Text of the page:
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HSBC cites regulations as protest-linked account reportedly shut

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HSBC Holdings pointed to routine regulatory requirements it ensure client money is used for stated purposes after a report on Monday that the firm is shutting a corporate account that helped fund protest-related activities in Hong Kong - a politically sensitive issue.

[HONG KONG] HSBC Holdings pointed to routine regulatory requirements it ensure client money is used for stated purposes after a report on Monday that the firm is shutting a corporate account that helped fund protest-related activities in Hong Kong - a politically sensitive issue.

The bank took action after finding the account was being used inconsistently with its original paperwork, the Hong Kong Economic Journal said. The firm informed the client last month that it will close the account after a 30-day notice period that ends this week, according to the report, which didn't identify who opened it.

"As part of our responsibility to know our customers and safeguard the financial industry, we regularly review our customers' accounts," Vinh Tran, a spokeswoman for the bank in Hong Kong, said in an email statement that didn't elaborate on the account at issue. "If we spot activity differing from the stated purpose of the account, or missing information, we will proactively review all activity, which can also result in account closure."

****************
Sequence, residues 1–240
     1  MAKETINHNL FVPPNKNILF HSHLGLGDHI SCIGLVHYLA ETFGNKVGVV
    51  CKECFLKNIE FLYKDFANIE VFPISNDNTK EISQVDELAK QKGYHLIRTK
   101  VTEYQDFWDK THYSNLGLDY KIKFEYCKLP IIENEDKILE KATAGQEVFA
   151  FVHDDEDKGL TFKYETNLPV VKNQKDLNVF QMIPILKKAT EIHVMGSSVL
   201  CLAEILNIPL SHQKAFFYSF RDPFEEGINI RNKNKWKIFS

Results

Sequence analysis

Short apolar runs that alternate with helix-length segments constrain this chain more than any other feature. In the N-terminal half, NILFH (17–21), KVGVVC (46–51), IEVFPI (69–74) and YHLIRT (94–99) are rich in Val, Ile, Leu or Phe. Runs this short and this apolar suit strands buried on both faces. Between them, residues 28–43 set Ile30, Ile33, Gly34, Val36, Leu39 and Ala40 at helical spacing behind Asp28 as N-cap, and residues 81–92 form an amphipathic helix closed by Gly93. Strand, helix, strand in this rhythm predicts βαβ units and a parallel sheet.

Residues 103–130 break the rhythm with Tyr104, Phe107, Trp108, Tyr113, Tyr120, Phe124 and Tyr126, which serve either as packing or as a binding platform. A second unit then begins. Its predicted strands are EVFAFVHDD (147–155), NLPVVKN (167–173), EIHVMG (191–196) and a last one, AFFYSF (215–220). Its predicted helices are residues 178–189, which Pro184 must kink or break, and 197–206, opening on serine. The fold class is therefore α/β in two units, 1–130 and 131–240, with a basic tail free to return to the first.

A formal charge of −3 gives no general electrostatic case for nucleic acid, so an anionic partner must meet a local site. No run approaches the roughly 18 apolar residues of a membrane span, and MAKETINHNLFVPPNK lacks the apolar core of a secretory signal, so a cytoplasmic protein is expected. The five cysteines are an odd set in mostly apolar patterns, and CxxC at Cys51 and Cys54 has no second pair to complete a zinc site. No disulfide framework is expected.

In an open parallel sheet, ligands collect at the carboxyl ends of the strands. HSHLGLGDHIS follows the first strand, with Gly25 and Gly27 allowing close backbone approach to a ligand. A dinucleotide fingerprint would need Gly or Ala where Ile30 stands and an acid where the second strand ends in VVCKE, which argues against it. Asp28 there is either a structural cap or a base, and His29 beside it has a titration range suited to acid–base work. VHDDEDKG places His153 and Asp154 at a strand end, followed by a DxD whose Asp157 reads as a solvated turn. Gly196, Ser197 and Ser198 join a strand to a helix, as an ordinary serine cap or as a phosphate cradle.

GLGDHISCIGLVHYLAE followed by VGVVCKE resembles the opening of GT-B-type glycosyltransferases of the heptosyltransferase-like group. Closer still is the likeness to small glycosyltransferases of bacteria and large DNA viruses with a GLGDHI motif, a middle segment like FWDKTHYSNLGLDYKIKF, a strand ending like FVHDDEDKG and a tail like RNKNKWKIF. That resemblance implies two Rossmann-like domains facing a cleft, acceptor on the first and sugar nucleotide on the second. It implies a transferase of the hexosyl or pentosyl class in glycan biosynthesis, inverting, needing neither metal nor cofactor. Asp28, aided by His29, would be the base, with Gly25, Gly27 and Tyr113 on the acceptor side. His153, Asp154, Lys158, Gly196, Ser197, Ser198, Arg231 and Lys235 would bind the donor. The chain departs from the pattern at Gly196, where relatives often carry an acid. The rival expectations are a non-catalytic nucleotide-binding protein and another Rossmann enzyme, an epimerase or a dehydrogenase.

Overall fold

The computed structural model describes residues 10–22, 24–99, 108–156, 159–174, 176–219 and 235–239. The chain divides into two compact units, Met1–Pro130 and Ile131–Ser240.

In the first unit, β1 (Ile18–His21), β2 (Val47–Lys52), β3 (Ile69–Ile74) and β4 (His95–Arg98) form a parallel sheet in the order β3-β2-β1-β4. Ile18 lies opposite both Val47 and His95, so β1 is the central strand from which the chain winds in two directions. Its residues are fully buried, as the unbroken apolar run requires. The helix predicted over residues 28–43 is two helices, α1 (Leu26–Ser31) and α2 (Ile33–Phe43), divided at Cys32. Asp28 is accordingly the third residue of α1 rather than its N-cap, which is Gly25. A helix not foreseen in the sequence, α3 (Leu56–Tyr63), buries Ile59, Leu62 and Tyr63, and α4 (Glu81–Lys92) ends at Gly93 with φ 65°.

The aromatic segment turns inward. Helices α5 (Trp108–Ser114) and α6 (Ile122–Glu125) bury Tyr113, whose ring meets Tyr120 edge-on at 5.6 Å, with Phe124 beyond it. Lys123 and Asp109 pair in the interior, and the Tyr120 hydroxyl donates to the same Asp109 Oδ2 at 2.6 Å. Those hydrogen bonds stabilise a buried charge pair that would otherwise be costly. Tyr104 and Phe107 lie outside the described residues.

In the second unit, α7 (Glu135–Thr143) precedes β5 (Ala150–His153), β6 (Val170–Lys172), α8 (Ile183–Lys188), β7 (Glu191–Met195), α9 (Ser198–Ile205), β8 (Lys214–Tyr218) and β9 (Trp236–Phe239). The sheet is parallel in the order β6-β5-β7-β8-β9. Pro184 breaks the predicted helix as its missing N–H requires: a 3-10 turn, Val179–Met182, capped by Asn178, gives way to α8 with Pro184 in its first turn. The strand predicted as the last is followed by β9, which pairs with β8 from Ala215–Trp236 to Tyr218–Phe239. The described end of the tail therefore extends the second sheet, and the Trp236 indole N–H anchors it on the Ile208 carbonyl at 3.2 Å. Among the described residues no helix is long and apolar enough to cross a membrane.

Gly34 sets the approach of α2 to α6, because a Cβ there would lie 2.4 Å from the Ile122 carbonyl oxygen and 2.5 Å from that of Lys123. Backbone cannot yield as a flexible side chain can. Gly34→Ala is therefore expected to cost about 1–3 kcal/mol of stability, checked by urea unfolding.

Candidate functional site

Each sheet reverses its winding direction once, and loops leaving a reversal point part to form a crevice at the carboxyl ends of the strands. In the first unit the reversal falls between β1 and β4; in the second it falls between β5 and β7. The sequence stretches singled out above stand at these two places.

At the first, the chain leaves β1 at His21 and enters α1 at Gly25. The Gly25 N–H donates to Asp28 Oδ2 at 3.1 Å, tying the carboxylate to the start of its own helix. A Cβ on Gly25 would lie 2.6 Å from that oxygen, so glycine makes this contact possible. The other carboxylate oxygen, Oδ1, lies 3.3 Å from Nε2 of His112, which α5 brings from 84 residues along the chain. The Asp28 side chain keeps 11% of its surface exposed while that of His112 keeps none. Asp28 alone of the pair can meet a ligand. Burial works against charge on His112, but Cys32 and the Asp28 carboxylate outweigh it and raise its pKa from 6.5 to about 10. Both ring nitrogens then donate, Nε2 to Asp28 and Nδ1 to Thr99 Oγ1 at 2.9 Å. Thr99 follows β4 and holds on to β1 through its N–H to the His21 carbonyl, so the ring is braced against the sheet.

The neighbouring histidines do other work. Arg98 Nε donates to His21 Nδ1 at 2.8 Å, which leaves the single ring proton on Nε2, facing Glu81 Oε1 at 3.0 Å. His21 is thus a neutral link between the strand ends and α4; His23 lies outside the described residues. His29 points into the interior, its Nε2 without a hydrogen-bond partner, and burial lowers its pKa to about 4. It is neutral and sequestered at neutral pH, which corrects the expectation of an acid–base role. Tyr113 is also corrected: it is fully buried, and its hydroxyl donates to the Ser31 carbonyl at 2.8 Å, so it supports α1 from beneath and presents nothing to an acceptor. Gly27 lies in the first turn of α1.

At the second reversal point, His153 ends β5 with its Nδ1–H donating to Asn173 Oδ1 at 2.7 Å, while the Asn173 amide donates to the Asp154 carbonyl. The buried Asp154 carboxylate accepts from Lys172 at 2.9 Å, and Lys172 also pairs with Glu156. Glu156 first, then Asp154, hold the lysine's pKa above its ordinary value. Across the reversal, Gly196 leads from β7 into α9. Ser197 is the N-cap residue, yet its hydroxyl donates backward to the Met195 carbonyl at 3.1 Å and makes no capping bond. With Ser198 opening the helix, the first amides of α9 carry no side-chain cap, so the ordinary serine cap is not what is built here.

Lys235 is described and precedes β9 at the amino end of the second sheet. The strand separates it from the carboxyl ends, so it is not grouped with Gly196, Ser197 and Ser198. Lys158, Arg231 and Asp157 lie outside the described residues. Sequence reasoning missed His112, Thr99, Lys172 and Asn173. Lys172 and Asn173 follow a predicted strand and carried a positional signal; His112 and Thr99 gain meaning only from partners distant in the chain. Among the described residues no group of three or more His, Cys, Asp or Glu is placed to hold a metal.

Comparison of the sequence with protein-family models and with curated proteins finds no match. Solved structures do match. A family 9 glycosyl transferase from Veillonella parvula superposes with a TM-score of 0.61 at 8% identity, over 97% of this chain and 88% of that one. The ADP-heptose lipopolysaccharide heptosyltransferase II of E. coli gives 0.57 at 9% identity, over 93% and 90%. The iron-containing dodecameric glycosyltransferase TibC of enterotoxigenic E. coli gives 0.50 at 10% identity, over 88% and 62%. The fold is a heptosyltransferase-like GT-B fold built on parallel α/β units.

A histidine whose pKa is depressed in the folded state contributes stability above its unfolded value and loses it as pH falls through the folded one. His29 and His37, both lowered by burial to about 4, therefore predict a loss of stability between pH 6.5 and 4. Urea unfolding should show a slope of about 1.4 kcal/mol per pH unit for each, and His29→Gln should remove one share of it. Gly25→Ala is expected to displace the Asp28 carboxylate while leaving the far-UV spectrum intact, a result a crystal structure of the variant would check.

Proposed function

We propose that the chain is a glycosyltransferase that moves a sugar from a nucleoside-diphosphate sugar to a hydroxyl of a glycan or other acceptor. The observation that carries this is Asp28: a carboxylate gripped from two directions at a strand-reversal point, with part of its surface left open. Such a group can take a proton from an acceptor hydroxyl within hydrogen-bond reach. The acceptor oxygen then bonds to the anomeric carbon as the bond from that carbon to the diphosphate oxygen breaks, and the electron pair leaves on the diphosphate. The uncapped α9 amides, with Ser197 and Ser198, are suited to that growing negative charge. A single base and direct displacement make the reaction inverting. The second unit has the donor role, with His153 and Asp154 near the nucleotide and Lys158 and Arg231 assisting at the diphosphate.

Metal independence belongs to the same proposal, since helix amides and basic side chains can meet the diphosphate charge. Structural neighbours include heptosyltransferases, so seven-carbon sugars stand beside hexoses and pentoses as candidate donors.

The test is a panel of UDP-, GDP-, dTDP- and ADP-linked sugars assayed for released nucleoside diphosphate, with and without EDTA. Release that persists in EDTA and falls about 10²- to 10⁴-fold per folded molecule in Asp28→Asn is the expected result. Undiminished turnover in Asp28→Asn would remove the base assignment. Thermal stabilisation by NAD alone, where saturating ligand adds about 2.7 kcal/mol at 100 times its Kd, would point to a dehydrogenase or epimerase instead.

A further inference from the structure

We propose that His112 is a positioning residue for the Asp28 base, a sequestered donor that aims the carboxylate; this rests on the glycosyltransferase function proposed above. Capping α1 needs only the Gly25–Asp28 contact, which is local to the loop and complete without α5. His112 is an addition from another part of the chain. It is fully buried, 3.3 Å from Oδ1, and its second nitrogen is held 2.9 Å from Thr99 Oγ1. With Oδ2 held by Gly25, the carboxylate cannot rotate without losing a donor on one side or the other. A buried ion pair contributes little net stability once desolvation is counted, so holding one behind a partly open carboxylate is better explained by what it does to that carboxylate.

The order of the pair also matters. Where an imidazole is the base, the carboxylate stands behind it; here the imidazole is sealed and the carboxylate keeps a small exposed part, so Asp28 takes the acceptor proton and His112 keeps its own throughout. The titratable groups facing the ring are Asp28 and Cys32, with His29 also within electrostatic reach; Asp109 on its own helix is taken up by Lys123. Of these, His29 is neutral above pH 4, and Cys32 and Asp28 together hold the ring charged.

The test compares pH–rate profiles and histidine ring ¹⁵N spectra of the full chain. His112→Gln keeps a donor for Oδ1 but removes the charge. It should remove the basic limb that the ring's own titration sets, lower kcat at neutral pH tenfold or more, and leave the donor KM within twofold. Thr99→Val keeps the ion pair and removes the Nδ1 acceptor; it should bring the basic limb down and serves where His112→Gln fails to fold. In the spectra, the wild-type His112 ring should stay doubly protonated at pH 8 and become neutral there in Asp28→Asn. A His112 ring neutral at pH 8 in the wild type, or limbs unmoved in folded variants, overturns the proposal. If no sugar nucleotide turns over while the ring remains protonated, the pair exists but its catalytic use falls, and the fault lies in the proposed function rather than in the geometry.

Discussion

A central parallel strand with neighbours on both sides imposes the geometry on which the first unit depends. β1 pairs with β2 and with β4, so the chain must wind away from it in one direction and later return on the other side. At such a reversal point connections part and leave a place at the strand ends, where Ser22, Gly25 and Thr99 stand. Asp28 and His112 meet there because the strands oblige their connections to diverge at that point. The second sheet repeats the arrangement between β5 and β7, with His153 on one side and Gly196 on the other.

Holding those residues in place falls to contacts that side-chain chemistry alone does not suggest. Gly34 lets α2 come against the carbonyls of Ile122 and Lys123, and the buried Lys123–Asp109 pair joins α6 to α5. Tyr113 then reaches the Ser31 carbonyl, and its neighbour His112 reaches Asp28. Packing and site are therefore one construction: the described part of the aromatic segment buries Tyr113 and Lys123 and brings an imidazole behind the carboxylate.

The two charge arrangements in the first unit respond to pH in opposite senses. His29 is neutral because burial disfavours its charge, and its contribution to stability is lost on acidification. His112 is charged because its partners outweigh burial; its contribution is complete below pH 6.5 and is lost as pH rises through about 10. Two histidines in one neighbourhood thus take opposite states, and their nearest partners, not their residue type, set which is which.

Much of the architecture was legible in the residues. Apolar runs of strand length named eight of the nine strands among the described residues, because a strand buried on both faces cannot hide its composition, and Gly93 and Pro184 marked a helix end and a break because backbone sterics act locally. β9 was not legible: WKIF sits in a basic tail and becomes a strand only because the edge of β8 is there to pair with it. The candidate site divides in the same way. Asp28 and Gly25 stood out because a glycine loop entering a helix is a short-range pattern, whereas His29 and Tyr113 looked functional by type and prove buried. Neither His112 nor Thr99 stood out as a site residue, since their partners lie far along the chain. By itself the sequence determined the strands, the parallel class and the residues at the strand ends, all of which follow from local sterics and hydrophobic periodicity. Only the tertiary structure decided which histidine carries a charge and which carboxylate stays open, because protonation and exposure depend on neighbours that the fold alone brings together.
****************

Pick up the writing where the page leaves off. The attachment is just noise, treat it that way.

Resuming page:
Hong Kong's polarizing protests have created headaches for companies including Apple and Activision Blizzard that have come under heavy political pressure to cut any perceived ties with the city's pro-democracy movement - only to later face public backlash. In pointing to well-established banking regulations, HSBC may show it had no discretion in the account's closing and that it isn't because of politics.

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Another organization, 612 Humanitarian Relief Fund, which helps protesters pay medical expenses and legal fees, said Monday on Facebook that its HSBC account is running normally.

Banks are required to "effectively assess risk" regarding account activity, ensuring the consistency of their stated purpose and source of funding, the Hong Kong Monetary Authority said in a separate statement on Monday.

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